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6

This probably isn't exactly what you're looking for, but if you're looking for the time-independent bound states of a system, the Fourier grid Hamiltonian method may be applicable. Here is an application of it to the following strange-looking potential well: Here are a few low-energy bound states: And here are some of the high-energy ...


4

This calculation agrees with experimentally measured spectral lines, but why would we expect it to be true, even if we accept that the electron moves according to the Schrodinger equation? After all, there's no particular reason for an electron to be in an eigenstate. Good question! The function $\psi$ does not need to be Hamiltonian eigenfunction. ...


4

The idea here is increasingly complex depending on how deep into modern physics you want to delve, but also key to understanding quantum mechanics. So, I'll give a bit deeper explanation than it seems you've seen, but there's plenty more. It's understood that a photon acts both as a particle and a wave. As a particle it has an amount of energy associated ...


3

This calculation agrees with experimentally measured spectral lines, but why would we expect it to be true, even if we accept that the electron moves according to the Schrodinger equation? Your puzzlement arises because you are putting the cart in-front of the horse. The cart is the theoretical model of quantum mechanics and the horse is the data. As ...


3

The general solution is the first one you gave, $$\psi(x,t) =Ae^{i(kx-\omega t)} + Be^{-i(kx+\omega t)}.$$ To get to the second one, you need to impose appropriate boundary conditions, which essentially means having no incoming particle flux from $+\infty$. Alternatively, you can see the solution $$\psi_k(x,t) =Ae^{i(kx-\omega t)}$$ as general enough to ...


2

To have emission (or absorption) of photons you must have a Hamiltonian that includes those degrees of freedom also. If your system consists of (a) the electromagnetic field and (b) a hydrogen atom, you can specify the state with (a) for each frequency, the number of photons with that frequency and (b) the state of the hydrogen atom, in your favorite way, ...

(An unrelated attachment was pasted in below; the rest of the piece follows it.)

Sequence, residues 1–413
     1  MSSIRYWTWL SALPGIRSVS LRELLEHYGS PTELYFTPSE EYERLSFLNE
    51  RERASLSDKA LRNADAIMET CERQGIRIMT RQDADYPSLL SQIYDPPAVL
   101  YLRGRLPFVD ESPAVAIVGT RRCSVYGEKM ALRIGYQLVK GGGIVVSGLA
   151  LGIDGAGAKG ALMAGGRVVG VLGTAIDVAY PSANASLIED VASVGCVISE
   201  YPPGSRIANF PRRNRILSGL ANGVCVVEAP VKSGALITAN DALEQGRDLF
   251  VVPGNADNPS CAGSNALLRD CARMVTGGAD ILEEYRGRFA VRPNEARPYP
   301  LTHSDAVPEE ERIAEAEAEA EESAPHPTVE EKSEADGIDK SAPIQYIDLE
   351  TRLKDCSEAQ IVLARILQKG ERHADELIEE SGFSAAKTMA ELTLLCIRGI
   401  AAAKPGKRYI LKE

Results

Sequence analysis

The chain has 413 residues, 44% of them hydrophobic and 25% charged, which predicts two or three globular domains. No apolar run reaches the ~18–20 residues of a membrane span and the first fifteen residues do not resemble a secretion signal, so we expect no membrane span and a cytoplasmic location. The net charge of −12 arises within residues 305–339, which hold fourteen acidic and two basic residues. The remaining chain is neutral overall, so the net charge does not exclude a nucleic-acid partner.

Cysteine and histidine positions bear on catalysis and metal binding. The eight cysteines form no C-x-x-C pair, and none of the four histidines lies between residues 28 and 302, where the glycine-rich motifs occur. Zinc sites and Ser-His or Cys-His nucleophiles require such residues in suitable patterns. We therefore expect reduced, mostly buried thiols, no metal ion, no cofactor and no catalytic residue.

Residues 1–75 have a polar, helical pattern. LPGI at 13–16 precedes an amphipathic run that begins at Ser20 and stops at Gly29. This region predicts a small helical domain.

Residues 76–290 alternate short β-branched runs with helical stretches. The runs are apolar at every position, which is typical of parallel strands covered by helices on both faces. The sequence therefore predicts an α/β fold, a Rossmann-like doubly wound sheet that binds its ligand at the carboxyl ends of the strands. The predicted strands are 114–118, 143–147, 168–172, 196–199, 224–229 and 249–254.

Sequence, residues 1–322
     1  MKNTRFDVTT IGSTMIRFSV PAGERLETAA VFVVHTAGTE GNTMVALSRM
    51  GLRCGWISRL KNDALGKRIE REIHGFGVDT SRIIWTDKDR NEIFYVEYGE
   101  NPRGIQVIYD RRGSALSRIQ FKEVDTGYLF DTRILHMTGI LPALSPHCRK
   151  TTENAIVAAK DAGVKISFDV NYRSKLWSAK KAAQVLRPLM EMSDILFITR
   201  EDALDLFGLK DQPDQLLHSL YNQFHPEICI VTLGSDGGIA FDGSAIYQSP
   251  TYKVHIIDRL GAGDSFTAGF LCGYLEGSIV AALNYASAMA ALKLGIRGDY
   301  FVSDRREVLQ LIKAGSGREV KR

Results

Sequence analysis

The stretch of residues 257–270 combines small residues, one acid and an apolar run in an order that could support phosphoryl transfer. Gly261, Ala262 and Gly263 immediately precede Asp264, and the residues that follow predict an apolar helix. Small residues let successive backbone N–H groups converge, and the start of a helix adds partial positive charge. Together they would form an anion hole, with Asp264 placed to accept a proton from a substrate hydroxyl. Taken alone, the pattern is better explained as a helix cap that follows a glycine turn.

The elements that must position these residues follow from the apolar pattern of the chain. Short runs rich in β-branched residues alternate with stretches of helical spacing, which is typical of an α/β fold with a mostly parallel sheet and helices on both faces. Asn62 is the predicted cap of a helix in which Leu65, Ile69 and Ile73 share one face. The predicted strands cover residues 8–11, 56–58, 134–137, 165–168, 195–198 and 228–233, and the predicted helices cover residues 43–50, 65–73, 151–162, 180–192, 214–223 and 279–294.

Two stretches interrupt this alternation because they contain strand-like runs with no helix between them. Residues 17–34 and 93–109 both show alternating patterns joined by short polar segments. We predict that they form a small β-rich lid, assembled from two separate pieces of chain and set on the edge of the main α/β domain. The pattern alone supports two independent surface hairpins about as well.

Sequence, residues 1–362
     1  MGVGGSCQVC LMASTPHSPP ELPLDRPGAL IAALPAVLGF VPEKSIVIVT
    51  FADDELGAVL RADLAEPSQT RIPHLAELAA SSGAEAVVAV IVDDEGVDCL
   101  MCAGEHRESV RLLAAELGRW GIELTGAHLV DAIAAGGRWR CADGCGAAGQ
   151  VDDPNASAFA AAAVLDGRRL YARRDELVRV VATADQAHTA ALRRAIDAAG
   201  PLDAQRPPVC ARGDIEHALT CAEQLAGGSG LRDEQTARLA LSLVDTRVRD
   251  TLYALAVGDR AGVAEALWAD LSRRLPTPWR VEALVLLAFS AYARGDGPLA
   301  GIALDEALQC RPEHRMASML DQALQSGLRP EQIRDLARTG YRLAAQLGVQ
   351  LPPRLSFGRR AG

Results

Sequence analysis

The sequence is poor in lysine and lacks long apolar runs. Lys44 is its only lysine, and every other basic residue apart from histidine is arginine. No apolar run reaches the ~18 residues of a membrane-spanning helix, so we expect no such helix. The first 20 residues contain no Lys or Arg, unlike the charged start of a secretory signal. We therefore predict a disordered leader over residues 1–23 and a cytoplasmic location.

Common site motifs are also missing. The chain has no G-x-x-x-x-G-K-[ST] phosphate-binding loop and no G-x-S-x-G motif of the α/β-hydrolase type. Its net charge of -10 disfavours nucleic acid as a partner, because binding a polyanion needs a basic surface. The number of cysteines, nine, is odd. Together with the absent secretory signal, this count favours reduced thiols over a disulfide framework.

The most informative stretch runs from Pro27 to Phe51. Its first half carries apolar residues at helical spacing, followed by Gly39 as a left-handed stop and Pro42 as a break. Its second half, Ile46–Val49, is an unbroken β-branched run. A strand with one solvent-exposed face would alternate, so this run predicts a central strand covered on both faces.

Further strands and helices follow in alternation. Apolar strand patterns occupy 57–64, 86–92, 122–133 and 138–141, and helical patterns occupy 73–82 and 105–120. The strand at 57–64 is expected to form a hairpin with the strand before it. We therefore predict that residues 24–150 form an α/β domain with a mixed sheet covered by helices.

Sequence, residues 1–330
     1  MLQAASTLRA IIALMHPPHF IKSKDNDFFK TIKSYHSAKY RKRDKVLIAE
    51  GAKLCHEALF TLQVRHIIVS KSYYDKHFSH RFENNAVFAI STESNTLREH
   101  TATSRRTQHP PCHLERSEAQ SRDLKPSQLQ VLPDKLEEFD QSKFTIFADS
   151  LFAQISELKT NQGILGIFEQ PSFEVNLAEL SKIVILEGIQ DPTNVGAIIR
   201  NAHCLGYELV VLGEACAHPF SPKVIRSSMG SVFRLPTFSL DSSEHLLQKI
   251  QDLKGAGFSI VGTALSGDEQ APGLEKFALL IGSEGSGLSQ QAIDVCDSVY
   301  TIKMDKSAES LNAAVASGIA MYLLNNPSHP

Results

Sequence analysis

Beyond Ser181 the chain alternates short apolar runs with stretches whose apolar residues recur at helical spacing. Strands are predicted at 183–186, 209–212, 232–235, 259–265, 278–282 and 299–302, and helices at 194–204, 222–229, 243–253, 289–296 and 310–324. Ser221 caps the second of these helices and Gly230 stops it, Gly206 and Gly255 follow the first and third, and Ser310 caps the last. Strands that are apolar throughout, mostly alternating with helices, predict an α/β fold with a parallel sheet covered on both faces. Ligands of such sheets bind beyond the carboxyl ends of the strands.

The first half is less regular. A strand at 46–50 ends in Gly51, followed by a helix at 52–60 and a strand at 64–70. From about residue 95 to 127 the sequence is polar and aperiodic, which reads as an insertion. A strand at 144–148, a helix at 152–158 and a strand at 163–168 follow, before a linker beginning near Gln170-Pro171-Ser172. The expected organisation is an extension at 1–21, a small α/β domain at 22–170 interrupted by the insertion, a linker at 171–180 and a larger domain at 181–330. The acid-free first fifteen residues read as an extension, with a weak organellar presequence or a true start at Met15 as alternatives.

2

Conservation of energy. If we measure the energy of an atom, we will always report an eigenvalue, because we are forcing it into an eigenstate (this is something like the quantum mechanical definition of measurement). Now suppose that we measure the energy of an atom twice, before and after it emits a photon. For conservation of energy to hold, the energy ...


2

There are some simulation tools available online, but whether they are useful to you depends on the details of your requirements. Check out the list of quantum simulators here. Or this one.


1

For any function of $x$ and $t$ that depends on the combination $x\pm vt$ (for constant $v$ represents a wave with a fixed shape that travels in the $\mp x$ direction with speed $v$. That is to say, $$ x\pm vt={\rm constant} $$ In your wave function, $$ \psi(x)=Ae^{i(kx-\omega t)}+Be^{-i(kx+\omega t)}\tag{0}, $$ the first term represents a right-moving wave ...


1

Here is our interpretation of OP's question: We are essentially talking about the asymptotic form of positive energy scattering states to the time-independent Schrödinger equation (TISE) for the two free regions $x \to \pm \infty$. (As OP notes, scattering states are not normalizable, and therefore do not belong to the Hilbert space. Nevertheless they can be ...


1

In general, both the positive and negative real exponentials are needed, but there are special cases where only one is needed. If the barrier is "one-sided", that is it looks like a step function, then the region of space where the classical energy would be negative extends to infinity. One of those exponentials will approach zero as distance increases ...



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